Almost 25,000 householders in county Limerick are in for a shock in the new year when they will be forced to sign up to a licensed refuse service.
It was revealed this week that less then half the households in County Limerick use a waste collection service.
And the domestic waste produced by those households not using a service is the equivalent of 3.2 million black bags or 16,000 tonnes a year.
But new bye-laws, due to come into force in the New Year, will oblige all householders within 200 metres of a collection service to “sign-up” – or face an on-the-spot fine of €60 or, if prosecuted in court, a fine of up to €1,905.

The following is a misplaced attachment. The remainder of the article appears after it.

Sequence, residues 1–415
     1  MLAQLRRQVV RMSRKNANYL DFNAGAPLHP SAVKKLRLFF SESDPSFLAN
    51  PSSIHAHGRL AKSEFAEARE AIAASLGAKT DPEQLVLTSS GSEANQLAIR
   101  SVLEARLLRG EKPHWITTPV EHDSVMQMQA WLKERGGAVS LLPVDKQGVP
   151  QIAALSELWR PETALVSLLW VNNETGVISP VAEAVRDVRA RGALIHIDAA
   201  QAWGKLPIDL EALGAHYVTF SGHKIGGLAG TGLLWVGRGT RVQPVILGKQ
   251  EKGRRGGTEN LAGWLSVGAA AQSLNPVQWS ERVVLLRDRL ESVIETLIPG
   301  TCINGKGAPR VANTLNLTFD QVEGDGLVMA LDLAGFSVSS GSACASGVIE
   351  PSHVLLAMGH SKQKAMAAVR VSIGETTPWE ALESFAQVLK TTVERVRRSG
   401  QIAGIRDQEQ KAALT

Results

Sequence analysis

“Other local authorities who have introduced bye-laws have found you get more people signing up and that is the crucial factor,” Gerry Behan, director of services, told councillors on Monday when they adopted the new bye-laws.
“As councillors are aware, the incident of illegal dumping has reached very serious proportions,” Mr Behan said in a written report to councillors and co-signed by Cllr Mary Jackman, chair of the council’s environment strategic policy committee. Out of a total of 48,852 households in Co Limerick, only 23,464 or 48% avail of a refuse collection service.
“This is despite the fact that the majority of households are on a serviced collection route and it would appear that they simply choose not to avail of the service,” added Mr Behan.
*A full version of this story was published in the print edition of Limerick Leader, dated October 29, 2011